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moron
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So... Apple released new MBPs today with a technology they supposedly helped Intel to develop called Thunderbolt:

http://arstechnica.com/apple/news/2011/02/thunderbolt-smokes-usb-firewire-with-10gbps-throughput.ars

Quote :
"Intel has finally launched its new peripheral interconnect technology—formerly codenamed "Light Peak"—now branded "Thunderbolt." Developed in cooperation with Apple, which introduced Thunderbolt on its newest MacBook Pro laptops on Thursday morning, the new interconnect is designed to bring workstation-class I/O throughput to mobile workflows as well as serve as a next-generation connector for peripherals, including displays, storage, and video and audio devices."


10Gbps throughput, that also supports DisplayPort


It's point-to-point too like Firewire so devices can be chained together (but only 1 display for now). ThunderBolt can carry any protocol, Apple is supporting PCIe over it, so external devices with an existing PCIe driver will "just work" once they have the ThunderBolt controller strapped to them.

Quote :
"A couple storage vendors, including Promise Technology, are expected to announce compatible products Thursday that are set to ship this spring. The full list of those planning Thunderbolt support in future products include AJA, Apogee, Avid, Blackmagic, Universal Audio, LaCie, and Western Digital. Given the clear technical advantages over previous standards, we believe Thunderbolt could achieve wide industry adoption."


Apple also previewed Lion today, where they are bringing some of the iOS features to MacOS that deal with app states, and backgrounding. The Cocoa Document interface now automatically supports versioning and state-saving, apps have similar APIs from iOS to save/resume states, there's a full screen API now for apps to use (for all of you who hate the universal menu bar...), and they are adding more gesture-based features (since the Apple laptops and desktops can do multitouch now).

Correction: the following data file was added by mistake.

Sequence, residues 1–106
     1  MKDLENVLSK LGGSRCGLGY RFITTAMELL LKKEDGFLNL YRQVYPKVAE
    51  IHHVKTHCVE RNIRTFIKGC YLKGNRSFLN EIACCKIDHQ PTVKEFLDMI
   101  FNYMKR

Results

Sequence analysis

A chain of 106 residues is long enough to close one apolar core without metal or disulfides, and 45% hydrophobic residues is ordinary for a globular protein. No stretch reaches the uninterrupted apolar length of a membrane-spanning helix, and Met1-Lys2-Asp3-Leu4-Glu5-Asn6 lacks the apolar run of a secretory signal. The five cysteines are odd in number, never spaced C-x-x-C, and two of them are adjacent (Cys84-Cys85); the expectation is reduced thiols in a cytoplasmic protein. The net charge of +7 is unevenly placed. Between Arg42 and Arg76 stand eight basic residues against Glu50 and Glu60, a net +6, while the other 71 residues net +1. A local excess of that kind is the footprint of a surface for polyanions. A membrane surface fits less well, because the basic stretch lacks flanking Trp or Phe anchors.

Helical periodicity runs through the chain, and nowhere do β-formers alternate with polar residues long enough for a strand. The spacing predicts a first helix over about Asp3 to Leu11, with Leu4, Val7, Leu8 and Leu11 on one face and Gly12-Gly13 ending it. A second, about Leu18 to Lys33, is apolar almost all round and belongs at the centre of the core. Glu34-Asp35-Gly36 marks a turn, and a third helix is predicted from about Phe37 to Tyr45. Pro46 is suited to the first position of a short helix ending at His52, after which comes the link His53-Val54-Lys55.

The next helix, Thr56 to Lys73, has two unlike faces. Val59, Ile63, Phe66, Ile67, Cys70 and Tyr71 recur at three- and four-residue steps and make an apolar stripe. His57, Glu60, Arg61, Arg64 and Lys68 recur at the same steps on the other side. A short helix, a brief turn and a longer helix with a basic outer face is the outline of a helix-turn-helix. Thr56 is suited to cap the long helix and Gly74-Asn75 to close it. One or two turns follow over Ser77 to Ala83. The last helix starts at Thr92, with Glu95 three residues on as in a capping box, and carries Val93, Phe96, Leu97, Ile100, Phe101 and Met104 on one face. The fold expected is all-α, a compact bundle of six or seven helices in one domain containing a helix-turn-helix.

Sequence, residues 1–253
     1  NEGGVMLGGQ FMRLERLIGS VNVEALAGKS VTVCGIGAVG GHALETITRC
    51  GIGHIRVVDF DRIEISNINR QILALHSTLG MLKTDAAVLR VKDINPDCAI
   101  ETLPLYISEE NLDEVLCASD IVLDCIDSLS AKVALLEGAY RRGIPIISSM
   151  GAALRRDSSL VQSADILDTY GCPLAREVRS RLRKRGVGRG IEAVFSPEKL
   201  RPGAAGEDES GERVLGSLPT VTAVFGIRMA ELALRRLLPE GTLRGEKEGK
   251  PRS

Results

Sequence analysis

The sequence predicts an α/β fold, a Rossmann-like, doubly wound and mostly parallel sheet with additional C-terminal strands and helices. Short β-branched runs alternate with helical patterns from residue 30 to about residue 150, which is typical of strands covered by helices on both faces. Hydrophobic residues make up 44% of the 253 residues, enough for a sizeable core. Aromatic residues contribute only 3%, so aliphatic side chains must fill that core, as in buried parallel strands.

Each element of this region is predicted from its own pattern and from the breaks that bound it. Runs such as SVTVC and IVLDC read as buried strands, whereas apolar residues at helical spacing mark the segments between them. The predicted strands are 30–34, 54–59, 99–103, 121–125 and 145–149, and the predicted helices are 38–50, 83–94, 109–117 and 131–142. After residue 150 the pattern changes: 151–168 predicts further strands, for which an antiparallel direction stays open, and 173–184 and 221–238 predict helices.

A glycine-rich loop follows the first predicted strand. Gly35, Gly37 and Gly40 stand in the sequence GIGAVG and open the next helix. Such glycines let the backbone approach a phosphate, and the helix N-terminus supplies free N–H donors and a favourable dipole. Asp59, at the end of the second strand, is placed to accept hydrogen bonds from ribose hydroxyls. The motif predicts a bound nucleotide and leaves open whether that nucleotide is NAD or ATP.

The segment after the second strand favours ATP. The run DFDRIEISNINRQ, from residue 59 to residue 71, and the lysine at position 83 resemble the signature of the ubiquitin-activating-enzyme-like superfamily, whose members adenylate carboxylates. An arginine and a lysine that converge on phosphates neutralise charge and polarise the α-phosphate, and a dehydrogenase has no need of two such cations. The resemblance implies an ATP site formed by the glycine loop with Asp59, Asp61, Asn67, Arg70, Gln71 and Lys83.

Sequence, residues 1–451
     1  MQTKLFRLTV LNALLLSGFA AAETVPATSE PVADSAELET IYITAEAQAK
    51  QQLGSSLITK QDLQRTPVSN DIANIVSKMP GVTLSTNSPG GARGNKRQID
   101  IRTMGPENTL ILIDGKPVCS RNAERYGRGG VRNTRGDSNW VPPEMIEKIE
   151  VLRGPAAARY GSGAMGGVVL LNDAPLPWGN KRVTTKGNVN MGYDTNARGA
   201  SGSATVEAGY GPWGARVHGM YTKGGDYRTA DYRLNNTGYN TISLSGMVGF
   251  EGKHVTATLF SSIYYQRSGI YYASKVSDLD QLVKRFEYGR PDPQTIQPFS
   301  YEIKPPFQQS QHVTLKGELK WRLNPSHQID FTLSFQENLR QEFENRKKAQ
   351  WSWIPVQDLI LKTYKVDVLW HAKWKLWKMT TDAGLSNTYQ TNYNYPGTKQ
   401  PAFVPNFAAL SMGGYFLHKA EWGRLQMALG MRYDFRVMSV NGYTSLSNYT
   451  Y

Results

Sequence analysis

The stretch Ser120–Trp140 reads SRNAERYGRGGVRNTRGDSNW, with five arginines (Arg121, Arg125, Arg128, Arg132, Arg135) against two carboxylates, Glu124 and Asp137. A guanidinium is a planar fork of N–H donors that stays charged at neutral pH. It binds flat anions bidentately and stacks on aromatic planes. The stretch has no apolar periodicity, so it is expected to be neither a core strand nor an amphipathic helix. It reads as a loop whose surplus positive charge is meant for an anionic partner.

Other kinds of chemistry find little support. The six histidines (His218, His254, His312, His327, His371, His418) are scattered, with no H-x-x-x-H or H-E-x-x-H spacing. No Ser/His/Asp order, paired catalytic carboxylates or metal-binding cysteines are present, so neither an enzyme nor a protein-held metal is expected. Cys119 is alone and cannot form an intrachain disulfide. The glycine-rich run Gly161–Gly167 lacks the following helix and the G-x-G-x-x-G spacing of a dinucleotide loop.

There's a pretty cool video about the gestures here: http://www.apple.com/macosx/lion/#video-gestures

I'm sure all of this stuff is just marketing though

[Edited on February 24, 2011 at 2:53 PM. Reason : ]

2/24/2011 2:50:07 PM

Shaggy
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i remember back when this was called infiniband

2/24/2011 2:55:33 PM

moron
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you can call this infiniband for consumers then, I guess...

(although it's fairly different...)

[Edited on February 24, 2011 at 3:08 PM. Reason : ]

2/24/2011 3:05:55 PM

Shaggy
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this is where infiniband wanted to end up but they couldn't convince enough people to use it.

probably because it was super fucking expensive

2/24/2011 3:09:11 PM

Stein
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What exactly did Apple innovate here? Thunderbolt/Light Peak is an Intel innovation on an Apple device.

http://news.cnet.com/8301-13924_3-10363956-64.html

I think it's funny how Apple is so gungho to implement NextGen technology, while completely ignoring current generation technology like Blu-ray and USB3.0

But they can charge more that way, so I guess it makes perfect sense.

2/24/2011 3:29:28 PM

El Nachó
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Apple is gonna revolutionize the way you scroll.

2/24/2011 4:38:51 PM

Chance
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I just can't really comprehend paying $1200 for a notebook as their lower end offering. Light Peak seems like a good idea but its up to OEMs to adopt it and I imagine somewhere in there will be the decision to eat Intels fees to do it or just use the existing standards.

2/24/2011 5:12:51 PM

Stein
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Quote :
"Apple is gonna revolutionize the way you scroll. "


Slowly but surely they're killing off OSX.

Quote :
"Light Peak seems like a good idea but its up to OEMs to adopt it and I imagine somewhere in there will be the decision to eat Intels fees to do it or just use the existing standards."


The whole thing is just so confusing. You've got a bunch of USB 3.0 devices that have already started to come out, which while half as fast as Light Peak, is still something like twice as fast as current hard drive read/write speeds. And then you've got Apple who, rather than just put Light Peak and USB 3.0 ports on the computer, then decide to put the standard that no one's heard of and that doesn't even have compatible devices yet.

They really just want you to spend as much money as possible while playing within their ecosystem.

[Edited on February 24, 2011 at 5:31 PM. Reason : .]

2/24/2011 5:30:11 PM

Chance
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Can the USB standard do everything except the speed that Thunderbolt is touted as being able to do?

2/24/2011 6:01:44 PM

Stein